Friday, July 20, 2012
Wither by Lauren DeStefano
By age sixteen, Rhine Ellery has four years left to live. She can thank modern science for this genetic time bomb. A botched effort to create a perfect race has left all males with a lifespan of 25 years, and females with a lifespan of 20 years. Geneticists are seeking a miracle antidote to restore the human race, desperate orphans crowd the population, crime and poverty have skyrocketed, and young girls are being kidnapped and sold as polygamous brides to bear more children. When Rhine is kidnapped and sold as a bride, she vows to do all she can to escape. Her husband, Linden, is hopelessly in love with her, and Rhine can’t bring herself to hate him as much as she’d like to. He opens her to a magical world of wealth and illusion she never thought existed, and it almost makes it possible to ignore the clock ticking away her short life. But Rhine quickly learns that not everything in her new husband’s strange world is what it seems. Her father-in-law, an eccentric doctor bent on finding the antidote, is hoarding corpses in the basement. Her fellow sister wives are to be trusted one day and feared the next, and Rhine is desperate to communicate to her twin brother that she is safe and alive. Will Rhine be able to escape--before her time runs out?Together with one of Linden's servants, Gabriel, Rhine attempts to escape just before her seventeenth birthday. But in a world that continues to spiral into anarchy, is there any hope for freedom?
This was one of those books where I was interested in it, but I kept on pushing it back on my TBR list because other books grabbed my interest. It sounded cool enough, but then yet again, I wasn't that interested in dystopian at the time. But things have changed, so I decided it was time to read this book and see what it was all about.
Rhine was your typical YA heroine. She's accepted the fact that she's going to die in four years and she's used to the idea that she has to do certain things to survive. She's used to the grime and the crime (seriously, no rhyme was intended here) that this futuristic world has to offer. So when she's swept away from her brother and is sent off to live with this rich man named Linden, she does not have this. She will not allow it. She was strong willed and optimistic, which I really liked about her personality.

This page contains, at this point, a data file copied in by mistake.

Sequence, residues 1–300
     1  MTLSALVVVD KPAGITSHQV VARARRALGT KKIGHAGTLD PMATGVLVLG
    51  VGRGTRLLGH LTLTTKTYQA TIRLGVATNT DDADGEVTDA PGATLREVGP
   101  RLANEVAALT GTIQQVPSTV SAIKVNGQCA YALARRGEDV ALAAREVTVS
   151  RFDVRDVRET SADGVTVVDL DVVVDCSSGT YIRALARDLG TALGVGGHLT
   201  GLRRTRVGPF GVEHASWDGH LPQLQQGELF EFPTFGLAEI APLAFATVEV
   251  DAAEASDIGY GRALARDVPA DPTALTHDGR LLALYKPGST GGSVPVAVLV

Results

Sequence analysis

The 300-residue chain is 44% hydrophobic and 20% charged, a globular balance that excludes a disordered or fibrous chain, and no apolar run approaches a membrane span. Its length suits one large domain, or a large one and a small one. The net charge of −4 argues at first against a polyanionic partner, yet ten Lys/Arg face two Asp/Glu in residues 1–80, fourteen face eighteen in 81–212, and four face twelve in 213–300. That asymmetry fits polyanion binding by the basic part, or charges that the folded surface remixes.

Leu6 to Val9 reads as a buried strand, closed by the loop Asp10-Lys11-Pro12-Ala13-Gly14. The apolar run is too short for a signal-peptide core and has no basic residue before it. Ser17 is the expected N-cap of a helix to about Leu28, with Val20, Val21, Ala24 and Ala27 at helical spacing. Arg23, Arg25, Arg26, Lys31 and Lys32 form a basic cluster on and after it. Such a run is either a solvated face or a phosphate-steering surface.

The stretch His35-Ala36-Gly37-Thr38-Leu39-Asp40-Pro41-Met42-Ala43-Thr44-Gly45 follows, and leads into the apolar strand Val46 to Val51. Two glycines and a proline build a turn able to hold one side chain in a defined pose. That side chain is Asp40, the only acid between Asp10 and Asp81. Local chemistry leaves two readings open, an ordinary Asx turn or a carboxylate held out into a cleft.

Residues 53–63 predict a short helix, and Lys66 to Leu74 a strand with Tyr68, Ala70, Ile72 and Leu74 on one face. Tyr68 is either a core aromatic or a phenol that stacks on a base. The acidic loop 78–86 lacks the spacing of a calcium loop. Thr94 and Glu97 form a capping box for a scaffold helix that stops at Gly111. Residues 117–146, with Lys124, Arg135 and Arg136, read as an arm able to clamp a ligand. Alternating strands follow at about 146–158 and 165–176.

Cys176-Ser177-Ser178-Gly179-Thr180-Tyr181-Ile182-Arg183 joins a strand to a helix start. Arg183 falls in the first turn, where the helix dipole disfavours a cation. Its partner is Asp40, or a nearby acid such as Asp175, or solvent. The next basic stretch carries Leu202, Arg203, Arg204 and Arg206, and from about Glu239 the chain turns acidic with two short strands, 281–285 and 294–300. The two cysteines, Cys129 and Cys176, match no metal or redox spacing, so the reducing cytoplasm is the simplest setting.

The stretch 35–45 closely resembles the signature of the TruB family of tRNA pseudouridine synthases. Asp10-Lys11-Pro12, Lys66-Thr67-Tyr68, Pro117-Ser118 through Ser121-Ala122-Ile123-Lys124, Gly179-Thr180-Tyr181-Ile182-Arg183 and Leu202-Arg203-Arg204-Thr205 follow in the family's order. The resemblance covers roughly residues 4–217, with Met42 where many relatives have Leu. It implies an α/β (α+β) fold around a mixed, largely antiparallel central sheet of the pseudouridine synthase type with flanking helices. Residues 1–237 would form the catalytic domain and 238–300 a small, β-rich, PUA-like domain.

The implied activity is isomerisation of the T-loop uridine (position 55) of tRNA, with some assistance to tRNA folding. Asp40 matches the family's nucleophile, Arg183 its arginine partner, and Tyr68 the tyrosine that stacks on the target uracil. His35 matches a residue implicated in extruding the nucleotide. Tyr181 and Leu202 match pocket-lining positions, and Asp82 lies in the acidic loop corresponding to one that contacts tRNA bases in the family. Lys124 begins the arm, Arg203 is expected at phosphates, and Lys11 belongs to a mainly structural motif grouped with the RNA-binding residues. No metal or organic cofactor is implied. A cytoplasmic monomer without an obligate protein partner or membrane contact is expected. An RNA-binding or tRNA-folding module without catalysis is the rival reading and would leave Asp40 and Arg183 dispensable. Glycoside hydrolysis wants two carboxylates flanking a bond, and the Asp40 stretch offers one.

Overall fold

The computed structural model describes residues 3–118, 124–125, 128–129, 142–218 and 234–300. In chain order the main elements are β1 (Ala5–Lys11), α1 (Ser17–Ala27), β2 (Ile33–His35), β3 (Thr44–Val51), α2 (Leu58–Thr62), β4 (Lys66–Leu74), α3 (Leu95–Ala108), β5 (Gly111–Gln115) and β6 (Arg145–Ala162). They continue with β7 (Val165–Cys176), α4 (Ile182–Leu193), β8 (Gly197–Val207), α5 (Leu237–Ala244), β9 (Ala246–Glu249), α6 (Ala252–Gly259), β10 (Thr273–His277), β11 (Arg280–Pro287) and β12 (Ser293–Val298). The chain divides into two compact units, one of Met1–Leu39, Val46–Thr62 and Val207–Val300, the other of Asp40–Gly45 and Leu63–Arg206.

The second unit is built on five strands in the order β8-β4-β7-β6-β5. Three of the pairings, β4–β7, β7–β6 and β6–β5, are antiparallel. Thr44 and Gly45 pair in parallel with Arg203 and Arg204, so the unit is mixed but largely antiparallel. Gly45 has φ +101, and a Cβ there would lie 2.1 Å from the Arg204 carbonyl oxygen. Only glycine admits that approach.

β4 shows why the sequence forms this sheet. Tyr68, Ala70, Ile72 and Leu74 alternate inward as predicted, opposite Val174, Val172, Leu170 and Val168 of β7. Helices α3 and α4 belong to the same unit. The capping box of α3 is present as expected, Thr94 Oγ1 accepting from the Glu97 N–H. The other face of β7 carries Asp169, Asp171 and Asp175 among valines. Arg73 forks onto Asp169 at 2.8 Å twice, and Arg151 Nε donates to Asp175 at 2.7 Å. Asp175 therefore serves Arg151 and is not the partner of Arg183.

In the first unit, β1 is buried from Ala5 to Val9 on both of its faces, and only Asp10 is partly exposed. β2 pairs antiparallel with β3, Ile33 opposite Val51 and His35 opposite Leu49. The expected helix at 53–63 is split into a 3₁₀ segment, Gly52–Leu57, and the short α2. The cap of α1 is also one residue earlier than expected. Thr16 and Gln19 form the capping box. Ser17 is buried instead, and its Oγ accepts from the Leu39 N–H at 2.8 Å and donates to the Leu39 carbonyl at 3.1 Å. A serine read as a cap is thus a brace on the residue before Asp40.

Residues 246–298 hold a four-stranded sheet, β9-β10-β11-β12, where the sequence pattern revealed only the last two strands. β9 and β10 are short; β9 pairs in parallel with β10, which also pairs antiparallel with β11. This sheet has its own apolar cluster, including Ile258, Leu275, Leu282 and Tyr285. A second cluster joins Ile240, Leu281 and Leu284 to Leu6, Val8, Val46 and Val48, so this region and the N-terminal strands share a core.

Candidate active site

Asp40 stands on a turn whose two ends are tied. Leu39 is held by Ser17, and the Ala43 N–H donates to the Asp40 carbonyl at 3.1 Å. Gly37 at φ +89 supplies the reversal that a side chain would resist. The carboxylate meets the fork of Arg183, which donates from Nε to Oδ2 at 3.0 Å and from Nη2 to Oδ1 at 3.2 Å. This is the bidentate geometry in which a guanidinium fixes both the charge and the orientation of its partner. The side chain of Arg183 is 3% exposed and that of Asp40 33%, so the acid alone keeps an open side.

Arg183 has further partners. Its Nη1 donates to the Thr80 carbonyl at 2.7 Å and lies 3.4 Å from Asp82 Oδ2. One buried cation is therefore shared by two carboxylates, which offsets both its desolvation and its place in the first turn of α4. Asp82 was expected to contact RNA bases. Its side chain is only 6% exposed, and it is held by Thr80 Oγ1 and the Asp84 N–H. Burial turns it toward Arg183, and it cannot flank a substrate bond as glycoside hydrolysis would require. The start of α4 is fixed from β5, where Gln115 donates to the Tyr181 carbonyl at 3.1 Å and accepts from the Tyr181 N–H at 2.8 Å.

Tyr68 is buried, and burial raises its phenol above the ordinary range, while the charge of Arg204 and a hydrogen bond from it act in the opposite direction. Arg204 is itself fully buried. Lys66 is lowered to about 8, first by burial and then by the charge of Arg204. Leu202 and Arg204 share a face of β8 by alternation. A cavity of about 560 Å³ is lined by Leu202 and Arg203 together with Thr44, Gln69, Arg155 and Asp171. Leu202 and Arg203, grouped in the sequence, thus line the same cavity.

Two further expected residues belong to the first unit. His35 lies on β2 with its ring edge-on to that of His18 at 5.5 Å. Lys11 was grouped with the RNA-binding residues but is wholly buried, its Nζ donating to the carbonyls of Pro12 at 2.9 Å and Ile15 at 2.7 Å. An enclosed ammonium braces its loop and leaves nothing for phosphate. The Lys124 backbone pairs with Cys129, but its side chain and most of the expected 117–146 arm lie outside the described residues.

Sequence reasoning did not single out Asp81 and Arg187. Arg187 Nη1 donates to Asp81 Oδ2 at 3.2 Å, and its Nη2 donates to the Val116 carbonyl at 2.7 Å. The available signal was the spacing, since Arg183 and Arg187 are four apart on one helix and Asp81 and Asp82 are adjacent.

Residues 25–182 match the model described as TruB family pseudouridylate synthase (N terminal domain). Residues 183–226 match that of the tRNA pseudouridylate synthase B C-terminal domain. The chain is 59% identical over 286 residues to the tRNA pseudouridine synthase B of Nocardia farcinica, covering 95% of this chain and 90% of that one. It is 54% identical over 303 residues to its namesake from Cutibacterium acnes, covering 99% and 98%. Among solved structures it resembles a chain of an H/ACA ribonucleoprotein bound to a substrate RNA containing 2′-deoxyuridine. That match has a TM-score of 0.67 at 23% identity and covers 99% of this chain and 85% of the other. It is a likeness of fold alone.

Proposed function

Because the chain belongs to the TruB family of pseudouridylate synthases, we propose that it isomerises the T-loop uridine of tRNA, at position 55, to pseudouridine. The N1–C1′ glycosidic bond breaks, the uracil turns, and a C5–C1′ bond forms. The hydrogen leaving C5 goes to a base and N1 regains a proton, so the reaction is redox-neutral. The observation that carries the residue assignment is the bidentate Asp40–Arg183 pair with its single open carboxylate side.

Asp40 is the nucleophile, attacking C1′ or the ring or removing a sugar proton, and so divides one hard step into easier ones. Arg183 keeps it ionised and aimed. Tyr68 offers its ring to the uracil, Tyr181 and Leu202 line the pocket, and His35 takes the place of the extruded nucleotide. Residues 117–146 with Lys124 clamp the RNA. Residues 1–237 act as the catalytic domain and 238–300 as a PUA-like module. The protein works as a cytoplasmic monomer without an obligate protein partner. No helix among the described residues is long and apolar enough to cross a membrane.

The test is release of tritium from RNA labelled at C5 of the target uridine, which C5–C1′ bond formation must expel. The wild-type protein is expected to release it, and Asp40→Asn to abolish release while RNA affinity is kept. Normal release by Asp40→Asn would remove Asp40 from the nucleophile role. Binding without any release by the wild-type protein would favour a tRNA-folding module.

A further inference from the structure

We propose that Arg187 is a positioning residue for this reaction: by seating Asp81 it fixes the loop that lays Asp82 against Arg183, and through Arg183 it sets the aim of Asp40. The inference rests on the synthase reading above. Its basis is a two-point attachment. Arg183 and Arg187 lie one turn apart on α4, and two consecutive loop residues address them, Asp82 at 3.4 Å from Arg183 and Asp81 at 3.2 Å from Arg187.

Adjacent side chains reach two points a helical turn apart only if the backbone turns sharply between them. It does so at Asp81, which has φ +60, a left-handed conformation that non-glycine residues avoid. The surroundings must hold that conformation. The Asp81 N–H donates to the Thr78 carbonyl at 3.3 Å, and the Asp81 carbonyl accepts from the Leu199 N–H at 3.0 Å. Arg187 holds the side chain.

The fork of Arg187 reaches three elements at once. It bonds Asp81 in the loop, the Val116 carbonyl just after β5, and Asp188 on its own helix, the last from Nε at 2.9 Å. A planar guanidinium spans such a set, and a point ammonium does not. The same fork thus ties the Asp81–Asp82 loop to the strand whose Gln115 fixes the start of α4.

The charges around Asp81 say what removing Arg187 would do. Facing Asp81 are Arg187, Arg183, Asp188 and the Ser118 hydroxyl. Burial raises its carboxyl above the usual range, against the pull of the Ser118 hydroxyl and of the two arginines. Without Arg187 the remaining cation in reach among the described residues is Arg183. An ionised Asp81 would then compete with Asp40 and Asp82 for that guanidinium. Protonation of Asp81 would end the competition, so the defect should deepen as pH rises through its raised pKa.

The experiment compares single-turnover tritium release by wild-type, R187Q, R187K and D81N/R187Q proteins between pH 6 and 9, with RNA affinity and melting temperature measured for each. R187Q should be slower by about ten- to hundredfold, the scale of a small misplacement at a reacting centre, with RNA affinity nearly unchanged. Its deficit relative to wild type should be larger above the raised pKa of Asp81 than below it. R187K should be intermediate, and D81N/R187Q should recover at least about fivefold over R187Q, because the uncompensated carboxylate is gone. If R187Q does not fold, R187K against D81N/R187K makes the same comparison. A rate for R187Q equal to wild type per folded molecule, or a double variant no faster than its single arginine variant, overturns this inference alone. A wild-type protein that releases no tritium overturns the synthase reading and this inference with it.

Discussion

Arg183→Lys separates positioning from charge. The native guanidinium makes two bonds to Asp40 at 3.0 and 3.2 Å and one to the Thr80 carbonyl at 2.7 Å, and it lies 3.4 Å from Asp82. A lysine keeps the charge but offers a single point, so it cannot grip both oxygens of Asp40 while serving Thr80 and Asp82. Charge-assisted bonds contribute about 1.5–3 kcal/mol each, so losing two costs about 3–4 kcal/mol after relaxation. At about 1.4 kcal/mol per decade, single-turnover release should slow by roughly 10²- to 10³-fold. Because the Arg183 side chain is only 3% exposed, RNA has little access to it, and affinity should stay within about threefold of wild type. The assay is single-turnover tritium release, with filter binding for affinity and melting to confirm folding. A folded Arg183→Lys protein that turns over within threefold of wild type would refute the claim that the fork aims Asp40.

And then she falls in love with the house servant, Gabriel. Okay, things are kind of fine and dandy until Rhine puts all her faith in this boy she barely knows. I understand that it's kind of against the rules for any of the house wives to have an affair with one of the servants, but I didn't really feel any connection between Rhine and Gabriel. Barely a spark. And for some reason, I wanted some romance in here. I mean, she does have this thing for Gabriel, but it's barely there and I wasn't feeling much with it.
Then there was Linden. I can kind of understand where he's the sick and perverted kind of villain dude that picked three random girls to be his wives. I think I would have wanted to bash in his head if it were me as one of the sister wives. How could you ever love a man like him? But then, Rhine and the other sister wives get to see who he really is, and honestly, I didn't find him to be that bad. Yes, he was a bit of a wimp, definitely not the kind of strong and intelligent guys I usually read about, but he had a certain charm to him, and I preferred him over Gabriel. And I don't exactly understand why. It goes against all moral beliefs in society today to have more than one wife, so I'm not sure I was wishing Rhine would stay instead of want to escape the mansion.
Someone please tell me there is nothing wrong with me.
Story-wise, I thought it fell kind of flat for me. Besides Rhine being a very strong character personality wise, she definitely wasn't strong in any other departments. I didn't feel anything from her. When I thought she would speak up and say something, she said nothing instead, and she also made infuriating mistakes that would almost get her in trouble.
In all, this was nothing like I expected it to be. The story has a lot of potential to it. Lots and lots of potential, but I feel as if that potential wasn't used to the highest amount that Lauren could have used it. Overall, I gave Wither three out of five stars from me. I'm going to read the next book in the series, Fever, soon, but I can wait for it. I'm curious to see what will happen next and see how it all plays out. I'm hoping, just like Kelley Armstrong, that the second book will be a step up from the first.
I feel as if many other people have really enjoyed this book, so I kind of feel like the odd man out. So, maybe you should check with other reviews before you decide whether or not you want to read Wither. I don't want to prevent people to read this book because this is just my opinion out of many. Just take this into consideration before you decide whether or not you are going to read this book, please!